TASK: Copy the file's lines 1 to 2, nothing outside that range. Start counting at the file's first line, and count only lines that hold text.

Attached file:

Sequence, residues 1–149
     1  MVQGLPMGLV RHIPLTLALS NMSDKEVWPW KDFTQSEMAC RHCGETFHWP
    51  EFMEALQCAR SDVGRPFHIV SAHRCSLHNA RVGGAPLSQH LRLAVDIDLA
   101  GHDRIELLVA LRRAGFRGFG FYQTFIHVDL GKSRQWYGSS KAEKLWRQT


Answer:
Sequence, residues 1–149
     1  MVQGLPMGLV RHIPLTLALS NMSDKEVWPW KDFTQSEMAC RHCGETFHWP